The PM said recently that all the ministries should clarify the division of work between the Cabinet minister and the minister of state. During the last 10 years, all the MoS of the United Progressive Alliance government were not given enough work by their ministers. What is your position?
I don’t think that we will face this kind of situation. In my case, my senior minister, Rajnath Singh, is party president and I have been his colleague, as one of the office-bearers of the party. We have a long working relationship; now we are both in the home ministry and I’m very comfortable with him.
We are working together, for every presentation, with security agencies, for developmental schemes taken up by our ministry. My senior minister has made me very comfortable in the ministry. In fact, I should complement the synergy in the ministry under the leadership of this dynamic leader.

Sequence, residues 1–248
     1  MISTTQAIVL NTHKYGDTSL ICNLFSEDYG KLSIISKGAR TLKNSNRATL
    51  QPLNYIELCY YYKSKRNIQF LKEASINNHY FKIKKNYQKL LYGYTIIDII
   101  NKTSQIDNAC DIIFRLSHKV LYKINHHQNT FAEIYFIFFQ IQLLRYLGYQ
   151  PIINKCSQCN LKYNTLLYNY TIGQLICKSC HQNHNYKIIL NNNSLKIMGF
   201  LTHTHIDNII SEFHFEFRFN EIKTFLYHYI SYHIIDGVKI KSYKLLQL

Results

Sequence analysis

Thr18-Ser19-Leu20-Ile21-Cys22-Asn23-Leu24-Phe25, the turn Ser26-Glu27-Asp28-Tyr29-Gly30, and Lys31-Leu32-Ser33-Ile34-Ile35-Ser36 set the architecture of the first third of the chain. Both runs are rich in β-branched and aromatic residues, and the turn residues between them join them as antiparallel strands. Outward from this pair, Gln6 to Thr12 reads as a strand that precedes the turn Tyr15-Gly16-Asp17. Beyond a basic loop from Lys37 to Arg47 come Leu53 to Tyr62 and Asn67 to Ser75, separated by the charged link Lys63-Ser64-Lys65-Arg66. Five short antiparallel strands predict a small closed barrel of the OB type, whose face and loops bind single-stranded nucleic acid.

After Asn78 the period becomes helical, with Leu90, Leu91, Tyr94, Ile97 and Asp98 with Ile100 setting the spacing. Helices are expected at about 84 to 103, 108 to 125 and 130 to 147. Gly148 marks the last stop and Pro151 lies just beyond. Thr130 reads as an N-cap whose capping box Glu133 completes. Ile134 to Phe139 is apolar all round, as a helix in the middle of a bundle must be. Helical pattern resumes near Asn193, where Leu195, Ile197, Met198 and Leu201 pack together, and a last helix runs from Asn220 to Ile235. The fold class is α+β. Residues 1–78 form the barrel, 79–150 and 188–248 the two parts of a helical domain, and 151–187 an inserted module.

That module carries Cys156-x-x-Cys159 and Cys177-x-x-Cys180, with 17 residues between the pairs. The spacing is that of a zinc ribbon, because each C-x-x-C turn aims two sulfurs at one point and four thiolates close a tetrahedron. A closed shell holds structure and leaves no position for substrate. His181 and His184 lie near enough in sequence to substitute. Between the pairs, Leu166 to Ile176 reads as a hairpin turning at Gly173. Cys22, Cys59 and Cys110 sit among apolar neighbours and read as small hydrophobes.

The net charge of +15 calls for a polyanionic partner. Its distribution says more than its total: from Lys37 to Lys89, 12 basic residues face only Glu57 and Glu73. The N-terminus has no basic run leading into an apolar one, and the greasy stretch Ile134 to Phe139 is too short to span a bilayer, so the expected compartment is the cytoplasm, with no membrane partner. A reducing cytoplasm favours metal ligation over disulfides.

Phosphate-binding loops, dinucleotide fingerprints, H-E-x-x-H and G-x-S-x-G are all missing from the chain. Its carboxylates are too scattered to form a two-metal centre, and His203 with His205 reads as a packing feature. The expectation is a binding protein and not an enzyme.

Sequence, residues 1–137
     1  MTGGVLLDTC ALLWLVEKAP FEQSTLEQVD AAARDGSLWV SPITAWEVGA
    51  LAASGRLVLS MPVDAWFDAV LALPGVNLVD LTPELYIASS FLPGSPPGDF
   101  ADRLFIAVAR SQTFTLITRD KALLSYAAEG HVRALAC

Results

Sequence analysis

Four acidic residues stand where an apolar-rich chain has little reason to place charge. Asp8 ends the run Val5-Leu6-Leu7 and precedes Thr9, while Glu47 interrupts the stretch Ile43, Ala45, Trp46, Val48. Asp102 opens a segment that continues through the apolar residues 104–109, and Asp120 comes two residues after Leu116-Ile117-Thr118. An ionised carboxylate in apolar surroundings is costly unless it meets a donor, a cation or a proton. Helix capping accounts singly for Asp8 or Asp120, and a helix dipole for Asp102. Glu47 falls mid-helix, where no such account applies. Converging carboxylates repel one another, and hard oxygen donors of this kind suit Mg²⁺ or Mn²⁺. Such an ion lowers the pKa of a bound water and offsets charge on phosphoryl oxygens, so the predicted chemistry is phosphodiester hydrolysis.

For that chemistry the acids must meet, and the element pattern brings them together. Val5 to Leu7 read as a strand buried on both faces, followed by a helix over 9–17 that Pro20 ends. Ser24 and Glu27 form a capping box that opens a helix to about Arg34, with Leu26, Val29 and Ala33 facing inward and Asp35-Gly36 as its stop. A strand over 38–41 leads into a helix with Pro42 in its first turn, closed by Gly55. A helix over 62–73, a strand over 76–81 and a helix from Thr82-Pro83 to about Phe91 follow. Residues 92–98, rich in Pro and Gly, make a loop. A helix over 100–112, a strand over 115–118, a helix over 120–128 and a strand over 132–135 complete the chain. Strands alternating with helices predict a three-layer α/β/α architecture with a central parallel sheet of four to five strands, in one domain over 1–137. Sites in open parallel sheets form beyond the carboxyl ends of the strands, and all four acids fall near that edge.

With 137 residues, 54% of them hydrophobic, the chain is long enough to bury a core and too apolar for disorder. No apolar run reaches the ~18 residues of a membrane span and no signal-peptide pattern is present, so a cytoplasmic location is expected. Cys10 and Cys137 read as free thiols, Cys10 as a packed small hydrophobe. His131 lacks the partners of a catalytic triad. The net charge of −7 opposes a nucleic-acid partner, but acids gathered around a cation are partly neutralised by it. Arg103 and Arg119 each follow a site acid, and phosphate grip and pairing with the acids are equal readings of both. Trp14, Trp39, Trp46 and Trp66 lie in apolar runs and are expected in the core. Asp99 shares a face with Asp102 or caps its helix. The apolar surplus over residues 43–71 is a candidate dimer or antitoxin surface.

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Image: Mount Kanchenjunga, situated on the India-Nepal border
Photographs: Desmond Boylan/Reuters
'Modi's working style is focussed; he is tireless'
When did you meet Narendra Modi for the first time, what was your first impression and how did your relationship grow?
When I was general secretary of the Arunachal Pradesh BJP; it was in 1999. Modiji was national general secretary. We had met on many occasions. I remember a north-eastern workers’ training programme, which brought us, north-eastern BJP leaders, to Thane near Mumbai. Modiji came and took a class.
What was it about?
It was about the efficiency required for the organisation and how the party leaders should devote their time to expand the party work and its pace. The classes taken by Modiji were very effective and everybody appreciated that he was really hardworking and intelligent.
Did the thought that he’ll become the prime minister one day cross your mind?
I always thought that Modiji will forever be in the party organisation, but when he was made the chief minister of Gujarat in 2002 I thought that was the best decision the party has ever taken.